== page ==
In summary, in vitro studies demonstrate that GIP receptors are present in bone and bone-derived cells, and both in vitro and in vivo studies demonstrate that stimulation of these cells with GIP results in increases in intracellular calcium levels, cellular cAMP content, type 1 collagen expression, and alkaline phosphatase activity.
(1) Studies on GIP Action and its Receptor
These studies demonstrate that the GIP receptor is present in a variety of osteoblastic-like cells.
Expression of GIP receptor mRNA in sections of rat cuboideum and rat pancreas was screened for using in situ hybridization to an antisense digoxigenin-labeled GIP receptor probe on sections of cuboideum from adult Sprague Dawley rats. Background levels were measured as hybridization to a sense digoxigenin-labeled GIP receptor transcript in cuboidial osteocytes and progress zone. A 400 nucleotide digoxigenin-labeled RNA probe transcribed from a mouse GIP-receptor CDNA was used in the hybridization.
Methods and Materials
In brief, the rats were anesthetized, perfused with 4% paraformaldehyde and 0.2% glutaraldehyde transcardially. The cuboideum was harvested and fixed in 4% paraformaldehyde overnight at 4° C. The bones were decalcified in 10% EDTA for 4-6 days, dehydrated in ethanol and xylene and embedded in paraffin. 7 μm-thick sections were cut, deparaffined and rehydrated. The sections were treated with proteinase K and post-fixed in 4% paraformaldehyde. Hybridization was carried out at 70° C. overnight in solution containing 50% formamide, 5×SSC, 1% SDS, 5 mg/ml heparin and 50 mg/ml yeast tRNA. The post-hybridization washes were at 70° C. in 2×SSC, 1% SDS for 1 hour, 1×SSC, 1% SDS for 1 hour and 0.5×SSC, 1% SDS for 1 hour. The sections were incubated with alkaline phosphatase-conjugated anti-digoxigenin antibody for 2 hours and washed in PBS overnight. The color reaction was carried out in NBT and X-phosphate (Boehringer Mannheim). Positive staining results in blue color.
GIP Receptor Message and Protein is Expressed by Osteoblasts
Receptor mRNA was detected in two human cultured osteoblastic cell lines, SaOS2, and MG63. Because mRNA expression does not always correlate with protein expression, the distribution of GIP receptor protein was evaluated. An affinity-purified polyclonal antibody to a peptide comprising part of the N-terminal extracellular domain of the human GIP receptor was generated and used to survey protein expression in a variety of cells and tissues by western blot analysis. As a positive control, a recombinant bacterially expressed protein corresponding to the amino terminus of the GIP receptor fused to GST was expressed.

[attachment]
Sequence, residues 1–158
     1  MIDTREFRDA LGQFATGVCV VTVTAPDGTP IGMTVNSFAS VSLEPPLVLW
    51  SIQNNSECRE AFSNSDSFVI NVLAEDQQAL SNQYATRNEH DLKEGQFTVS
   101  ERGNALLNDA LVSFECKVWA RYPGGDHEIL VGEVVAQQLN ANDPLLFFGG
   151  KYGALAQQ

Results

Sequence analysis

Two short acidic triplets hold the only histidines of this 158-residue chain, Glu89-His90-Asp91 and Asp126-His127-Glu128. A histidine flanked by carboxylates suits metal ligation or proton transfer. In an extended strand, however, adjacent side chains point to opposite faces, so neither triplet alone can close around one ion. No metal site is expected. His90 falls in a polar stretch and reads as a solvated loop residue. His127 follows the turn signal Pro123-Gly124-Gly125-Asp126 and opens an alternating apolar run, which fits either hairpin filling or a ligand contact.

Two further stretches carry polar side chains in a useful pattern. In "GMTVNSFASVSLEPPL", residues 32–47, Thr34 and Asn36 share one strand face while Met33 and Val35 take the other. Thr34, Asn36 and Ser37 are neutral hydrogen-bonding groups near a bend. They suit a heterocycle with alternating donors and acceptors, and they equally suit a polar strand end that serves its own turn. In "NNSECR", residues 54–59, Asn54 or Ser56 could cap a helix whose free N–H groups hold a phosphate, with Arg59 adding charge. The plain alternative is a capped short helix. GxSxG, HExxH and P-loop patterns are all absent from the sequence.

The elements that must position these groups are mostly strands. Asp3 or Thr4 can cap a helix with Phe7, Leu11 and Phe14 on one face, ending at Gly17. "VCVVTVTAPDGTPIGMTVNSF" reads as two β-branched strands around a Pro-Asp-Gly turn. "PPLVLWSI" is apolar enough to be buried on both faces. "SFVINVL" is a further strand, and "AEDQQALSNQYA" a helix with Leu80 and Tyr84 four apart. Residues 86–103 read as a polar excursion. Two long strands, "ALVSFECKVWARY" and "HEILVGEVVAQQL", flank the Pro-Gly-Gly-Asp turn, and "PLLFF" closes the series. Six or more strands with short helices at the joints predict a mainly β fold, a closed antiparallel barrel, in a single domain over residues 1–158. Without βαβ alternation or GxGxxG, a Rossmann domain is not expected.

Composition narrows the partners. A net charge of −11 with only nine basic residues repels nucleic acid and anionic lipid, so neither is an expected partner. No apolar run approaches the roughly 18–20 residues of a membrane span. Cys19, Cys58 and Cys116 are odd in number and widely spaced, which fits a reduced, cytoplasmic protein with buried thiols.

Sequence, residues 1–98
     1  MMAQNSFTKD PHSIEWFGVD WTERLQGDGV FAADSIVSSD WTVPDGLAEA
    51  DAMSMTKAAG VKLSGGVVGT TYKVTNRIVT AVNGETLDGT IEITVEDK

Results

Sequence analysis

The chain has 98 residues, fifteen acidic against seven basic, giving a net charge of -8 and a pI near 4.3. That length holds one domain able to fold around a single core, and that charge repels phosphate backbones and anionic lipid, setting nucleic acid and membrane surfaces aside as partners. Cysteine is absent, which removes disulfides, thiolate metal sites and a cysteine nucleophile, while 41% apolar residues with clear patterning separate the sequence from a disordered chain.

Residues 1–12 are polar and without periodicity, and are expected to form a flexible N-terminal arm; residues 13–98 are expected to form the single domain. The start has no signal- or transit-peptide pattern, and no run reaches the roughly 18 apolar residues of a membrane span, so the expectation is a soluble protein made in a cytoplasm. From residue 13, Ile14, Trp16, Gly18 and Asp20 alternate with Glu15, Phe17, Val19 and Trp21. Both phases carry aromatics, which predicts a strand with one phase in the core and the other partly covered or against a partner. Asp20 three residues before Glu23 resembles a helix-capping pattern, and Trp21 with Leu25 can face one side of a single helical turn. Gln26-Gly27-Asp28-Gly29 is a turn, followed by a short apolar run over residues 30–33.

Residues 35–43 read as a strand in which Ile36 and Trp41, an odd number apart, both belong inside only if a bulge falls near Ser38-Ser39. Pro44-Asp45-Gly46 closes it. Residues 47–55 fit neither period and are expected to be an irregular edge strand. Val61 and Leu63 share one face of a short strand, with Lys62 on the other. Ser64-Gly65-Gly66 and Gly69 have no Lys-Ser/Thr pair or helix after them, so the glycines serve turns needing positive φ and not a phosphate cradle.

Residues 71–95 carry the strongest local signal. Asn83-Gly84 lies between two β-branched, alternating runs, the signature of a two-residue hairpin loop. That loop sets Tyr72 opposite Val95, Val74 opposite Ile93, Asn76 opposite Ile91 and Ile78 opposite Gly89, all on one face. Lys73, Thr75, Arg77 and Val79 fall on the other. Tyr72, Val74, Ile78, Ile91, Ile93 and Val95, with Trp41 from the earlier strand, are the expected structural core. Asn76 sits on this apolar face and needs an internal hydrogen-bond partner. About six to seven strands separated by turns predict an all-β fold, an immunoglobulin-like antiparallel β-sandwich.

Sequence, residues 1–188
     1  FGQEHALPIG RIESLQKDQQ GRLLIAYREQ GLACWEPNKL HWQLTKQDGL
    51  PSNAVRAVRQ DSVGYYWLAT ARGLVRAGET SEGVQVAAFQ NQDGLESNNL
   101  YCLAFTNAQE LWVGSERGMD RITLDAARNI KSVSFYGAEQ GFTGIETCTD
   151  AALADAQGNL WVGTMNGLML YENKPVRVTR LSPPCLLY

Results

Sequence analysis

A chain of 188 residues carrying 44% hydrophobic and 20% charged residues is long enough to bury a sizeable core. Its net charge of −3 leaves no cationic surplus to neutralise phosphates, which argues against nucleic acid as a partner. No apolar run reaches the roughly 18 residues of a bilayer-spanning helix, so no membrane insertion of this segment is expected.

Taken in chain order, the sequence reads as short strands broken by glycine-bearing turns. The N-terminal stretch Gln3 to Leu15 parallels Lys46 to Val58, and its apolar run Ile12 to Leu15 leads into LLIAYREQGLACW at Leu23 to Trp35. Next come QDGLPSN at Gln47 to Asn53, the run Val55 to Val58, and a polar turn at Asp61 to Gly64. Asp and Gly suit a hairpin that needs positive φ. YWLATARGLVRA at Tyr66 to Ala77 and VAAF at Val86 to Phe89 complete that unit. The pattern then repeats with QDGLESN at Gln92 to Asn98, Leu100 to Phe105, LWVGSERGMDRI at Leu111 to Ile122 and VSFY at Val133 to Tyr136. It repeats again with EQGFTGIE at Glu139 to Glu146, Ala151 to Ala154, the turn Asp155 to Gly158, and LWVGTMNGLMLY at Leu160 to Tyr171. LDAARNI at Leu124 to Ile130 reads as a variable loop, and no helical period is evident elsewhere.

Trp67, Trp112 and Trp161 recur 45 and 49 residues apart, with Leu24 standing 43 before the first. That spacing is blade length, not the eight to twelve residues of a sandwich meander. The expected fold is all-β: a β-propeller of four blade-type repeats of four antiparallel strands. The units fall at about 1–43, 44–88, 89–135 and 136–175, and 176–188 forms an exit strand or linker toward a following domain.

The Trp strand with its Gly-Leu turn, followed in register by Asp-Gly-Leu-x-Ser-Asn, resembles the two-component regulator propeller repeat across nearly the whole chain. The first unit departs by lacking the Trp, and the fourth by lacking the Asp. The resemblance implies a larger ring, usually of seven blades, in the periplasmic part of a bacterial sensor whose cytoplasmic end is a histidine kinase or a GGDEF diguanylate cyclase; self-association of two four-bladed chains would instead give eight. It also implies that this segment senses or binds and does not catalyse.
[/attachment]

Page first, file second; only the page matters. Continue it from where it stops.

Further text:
Three osteoblastic-like cell lines (SaOS2, ROS 17/2.8 and MG63) contain a single immunoreactive band that corresponds to the predicted size of the GIP receptor. In contrast, two cell lines known not to contain the GIP receptor (Hela and NIH 3T3 fibroblasts) do not contain this immunoreactive band. Protein extracts from several tissues from a normal Sprague-Dawley rat were prepared and probed with the GIP receptor antibody by western blot. The same 50 kD immunoreactive band was observed in normal rat bone. In addition, the pancreas, brain and heart, tissues previously reported to contain the GIP receptor, were also positive, while the spleen, which has been reported not to contain the GIP receptor, did not contain any immunoreactive band, suggesting antibody specificity.
Four types of bone cells, osteoblasts, osteoclasts, osteocytes, and chondrocytes in the hypertrophic zone of the epiphyseal growth plate, were found to express GIP receptor transcripts by in situ hybridization. The receptor mRNA is expressed in two cultured osteoblastic cell lines, one of human (SaOS2) and the other of rat (ROS 17/2) origin, as well as in isolated rat osteoclasts. In contrast, message for receptors for glucagon-like peptide-1 (GLP-1), the other major “incretin” hormone, was not observed in this cell line, nor has its expression been reported in bone by others. R. V. Campos, et al., Endocrinology 134, 2156-2164 (1994). This hormone, like GIP, is secreted by endocrine cells in the small intestine, acts on the β-cell, and its receptor is a member of a subclass of seven transmembrane domain receptors that also includes parathyroid hormone, calcitonin, corticotrophin releasing factor, glucagon, pituitary adenylate cyclase activating polypeptide, vasoactive intestinal peptide, secretin and growth hormone releasing hormone.
Message levels for GIPR were 4.8 fold higher in MG63 cells vs. SaOS2 cells, consistent with the binding data.
Because mRNA expression, identified by in situ hybridization, does not always correlate with protein expression, further studies using indirect immunofluorescence were carried out employing an antibody directed against an extracellular domain of the GIP receptor.
Distribution of GIP receptor immunofluorescence in sections of normal rat bone tibiae: and in SaOS2 cells was measured using a polyclonal antibody generated in rabbit to a synthetic oligopeptide corresponding to an extracellular region of the GIP receptor sequence (Animal Pharm Services, Inc., Healdsburg, Calif.). The antibody was affinity purified and specificity of the antibody was assessed by reacting with expressed GIP receptor protein. Background levels were measured as immunofluorescence in rat bone tibiae using only the CY3 labeled secondary antibody. Specificity of the primary antibody was also tested by competitively displacing the GIP receptor primary antibody binding m SaOS2 cells with primary antibody in the presence of an excess (140 μg) of the GIPR peptide antigen used as an antigen to generate the primary antibody. Sections of rat vertebrae were sectioned, fixed and probed with the GIPR antibody as the primary antibody, and then labelled with peroxidase. Similar patterns of expression were found in rat tibiae. SaOS2 cells grown in culture were also labeled with GIPR antibody. SaOS2 cells were incubated with primary antibody in the presence of an excess (140 μg) of the GIPR peptide antigen used as an antigen to generate the antibody. MG63 cells also were strongly positive with a labeling pattern similar to that of SaOS2 cells. Normal primary human osteoblasts were also examined for the GIPR.